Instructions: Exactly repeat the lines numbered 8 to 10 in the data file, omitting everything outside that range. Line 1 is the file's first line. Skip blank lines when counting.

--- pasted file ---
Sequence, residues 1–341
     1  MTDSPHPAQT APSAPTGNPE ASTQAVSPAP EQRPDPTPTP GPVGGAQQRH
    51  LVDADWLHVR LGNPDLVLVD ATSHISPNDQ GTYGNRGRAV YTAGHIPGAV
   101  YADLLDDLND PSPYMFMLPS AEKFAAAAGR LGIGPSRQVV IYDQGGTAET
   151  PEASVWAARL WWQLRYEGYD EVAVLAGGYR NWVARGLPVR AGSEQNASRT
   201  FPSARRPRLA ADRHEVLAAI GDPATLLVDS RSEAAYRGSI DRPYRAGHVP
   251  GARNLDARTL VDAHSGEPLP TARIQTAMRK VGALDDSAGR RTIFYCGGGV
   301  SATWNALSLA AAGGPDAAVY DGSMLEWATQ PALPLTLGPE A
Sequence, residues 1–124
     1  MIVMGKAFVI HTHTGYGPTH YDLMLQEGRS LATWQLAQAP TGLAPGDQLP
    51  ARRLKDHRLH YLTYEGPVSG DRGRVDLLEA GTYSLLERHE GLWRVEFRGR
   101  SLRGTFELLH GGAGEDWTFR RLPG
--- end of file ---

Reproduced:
   301  SATWNALSLA AAGGPDAAVY DGSMLEWATQ PALPLTLGPE A
Sequence, residues 1–124
     1  MIVMGKAFVI HTHTGYGPTH YDLMLQEGRS LATWQLAQAP TGLAPGDQLP